The big questions are, of course, what caused those glaciers to spread, and will it happen again? Actually, no one is yet completely sure. But an intriguing idea, due to work in the 1930s by the Serbian astronomer Milutin Milankovich, may link them to the precession which Hipparchus discovered.
As already noted, the Earth's orbit is not perfectly round, but is slightly elongated. The Earth therefore comes closest to the Sun in the first week of January (the exact day varies a little). It means that just when the northern hemisphere experiences winter and receives the least amount of sunlight, the Earth as a whole receives the most (the swing is about 3%, peak to peak). This makes northern winters milder, and northern summers are milder too, since they occur when the Earth is most distant from the Sun.
The opposite is true south of the equator: the beginning of January occurs there in summer, and therefore one expects southern summers to be hotter, and southern winters colder, than those north of the equator. This effect is however greatly weakened, because by far most of the southern hemisphere is covered by ocean, and the water tempers and moderates the climate.
Right now, northern winter occurs in the part of the Earth's orbit where the north end of the axis points away from the Sun. However, since the axis moves around a cone, 13,000 years from now, in this part of the orbit, it will point towards the Sun, putting it in mid-summer just when the Earth is closest to the Sun.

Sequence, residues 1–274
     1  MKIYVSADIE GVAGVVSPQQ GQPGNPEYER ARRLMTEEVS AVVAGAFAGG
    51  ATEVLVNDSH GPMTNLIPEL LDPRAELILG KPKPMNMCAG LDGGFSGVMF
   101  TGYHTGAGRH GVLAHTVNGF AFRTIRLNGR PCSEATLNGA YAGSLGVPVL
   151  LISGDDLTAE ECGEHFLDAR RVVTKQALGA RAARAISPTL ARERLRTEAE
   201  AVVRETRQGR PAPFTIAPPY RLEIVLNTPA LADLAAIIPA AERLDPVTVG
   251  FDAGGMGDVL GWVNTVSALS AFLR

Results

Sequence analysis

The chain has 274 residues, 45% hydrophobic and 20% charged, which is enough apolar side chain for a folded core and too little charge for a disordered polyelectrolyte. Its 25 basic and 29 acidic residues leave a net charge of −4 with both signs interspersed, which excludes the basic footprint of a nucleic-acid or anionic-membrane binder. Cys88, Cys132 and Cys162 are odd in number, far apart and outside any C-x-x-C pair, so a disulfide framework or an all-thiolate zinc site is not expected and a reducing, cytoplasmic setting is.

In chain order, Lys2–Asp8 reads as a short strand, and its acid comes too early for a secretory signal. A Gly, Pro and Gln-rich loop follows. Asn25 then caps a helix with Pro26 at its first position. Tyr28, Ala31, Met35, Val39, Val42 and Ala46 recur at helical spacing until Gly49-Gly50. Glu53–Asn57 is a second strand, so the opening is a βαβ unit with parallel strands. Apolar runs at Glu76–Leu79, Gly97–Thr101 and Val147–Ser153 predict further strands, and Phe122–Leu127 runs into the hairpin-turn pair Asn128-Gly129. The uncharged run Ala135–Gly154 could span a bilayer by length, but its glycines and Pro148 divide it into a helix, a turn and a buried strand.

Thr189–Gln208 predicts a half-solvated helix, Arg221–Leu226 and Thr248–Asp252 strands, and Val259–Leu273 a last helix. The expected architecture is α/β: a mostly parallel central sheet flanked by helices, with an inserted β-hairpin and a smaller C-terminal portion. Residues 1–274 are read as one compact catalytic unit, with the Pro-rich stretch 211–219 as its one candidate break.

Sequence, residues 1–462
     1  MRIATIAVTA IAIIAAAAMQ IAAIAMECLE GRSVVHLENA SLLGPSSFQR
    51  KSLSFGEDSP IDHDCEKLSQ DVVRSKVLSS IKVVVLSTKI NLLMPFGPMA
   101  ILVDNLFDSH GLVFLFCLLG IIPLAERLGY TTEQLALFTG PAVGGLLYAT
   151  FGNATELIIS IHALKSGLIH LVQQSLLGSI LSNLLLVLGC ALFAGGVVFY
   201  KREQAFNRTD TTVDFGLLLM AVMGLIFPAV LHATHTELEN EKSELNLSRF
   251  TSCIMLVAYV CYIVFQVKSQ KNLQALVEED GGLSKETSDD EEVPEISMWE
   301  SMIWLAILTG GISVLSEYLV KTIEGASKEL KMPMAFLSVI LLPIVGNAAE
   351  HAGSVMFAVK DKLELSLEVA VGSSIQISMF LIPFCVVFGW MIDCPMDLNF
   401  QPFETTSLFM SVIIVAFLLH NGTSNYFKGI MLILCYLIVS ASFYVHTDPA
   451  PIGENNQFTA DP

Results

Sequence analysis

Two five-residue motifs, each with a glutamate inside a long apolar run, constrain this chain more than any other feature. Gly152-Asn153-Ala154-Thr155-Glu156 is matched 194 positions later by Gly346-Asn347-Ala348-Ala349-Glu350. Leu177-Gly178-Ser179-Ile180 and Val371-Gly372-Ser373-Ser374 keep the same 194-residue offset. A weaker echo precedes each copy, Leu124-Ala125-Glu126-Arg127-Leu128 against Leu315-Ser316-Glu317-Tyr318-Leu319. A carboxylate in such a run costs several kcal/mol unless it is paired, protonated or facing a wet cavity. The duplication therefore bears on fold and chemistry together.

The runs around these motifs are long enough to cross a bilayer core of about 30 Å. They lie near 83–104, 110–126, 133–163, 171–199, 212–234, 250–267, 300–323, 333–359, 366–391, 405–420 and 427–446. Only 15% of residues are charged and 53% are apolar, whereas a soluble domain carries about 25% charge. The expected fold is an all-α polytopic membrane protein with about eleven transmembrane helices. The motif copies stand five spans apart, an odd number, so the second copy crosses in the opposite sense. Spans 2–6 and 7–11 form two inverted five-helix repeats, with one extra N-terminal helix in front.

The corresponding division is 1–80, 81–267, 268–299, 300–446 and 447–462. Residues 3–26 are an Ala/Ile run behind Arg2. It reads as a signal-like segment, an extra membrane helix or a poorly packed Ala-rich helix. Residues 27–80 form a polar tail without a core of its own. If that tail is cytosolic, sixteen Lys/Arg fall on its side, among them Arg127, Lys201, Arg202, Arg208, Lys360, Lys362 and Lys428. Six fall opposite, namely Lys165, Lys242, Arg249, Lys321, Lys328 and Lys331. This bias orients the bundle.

At that time one expects northern climate to be more extreme, and the oceans then have a much smaller effect, since the proportion of land in the northern hemisphere is much larger. Milankovich argued that because winters were colder, more snow fell, feeding the giant glaciers. Furthermore, he said, since snow was white, it reflected sunlight, and with more severe winters, the snow-covered land warmed up less effectively once winter had ended. Climate is maintained by a delicate balance between opposing factors, and Milankovich argued that this effect alone was enough to upset that balance and cause ice ages.
Milankovich was aware that this was just one of several factors, since it turns out that ice ages do not recur every 26,000 year, nor do they seem common in other geological epochs. The eccentricity of the Earth's orbit, which determines the closest approach to the Sun, also changes periodically, as does the inclination of the Earth's axis to the ecliptic. But overall the notion that ice ages may be linked to the motion of the Earth through space may be currently our best guess concerning the causes of ice ages.
Postscript, 28 July 1999. The magnitude of the “Milankovich effect" depends on the difference between largest and smallest distances from the Sun. That, in its turn, depends on the eccentricity of the Earth's orbit, which varies with a 100,000-year cycle, on which a 413,000-year cycle is superposed. J. Rial (Univ. of North Carolina) found signatures of those cycles in the oxygen isotope content of deep-sea sediments, in full agreement with the Milankovich theory. His work is in Science, vol. 285, p. 564, 23 July 1999; a non-technical explanation “Why the Ice Ages Don't Keep Time " is on pages 503-504 of the same issue.
The sea-bottom results have now been compared to hydrogen isotope ratios in deep boreholes in the ice sheets of Antarctica, which took nearly a million years to accumulate (Science, 11 June 2004, p. 1609). Deep-sea sediments show that in the last million years, but not before, the variation is dominated by a periodicity around 100,000 years. Its origin, the article states, “is one of the unanswered, yet fundamental questions." Ice cores could help explain it.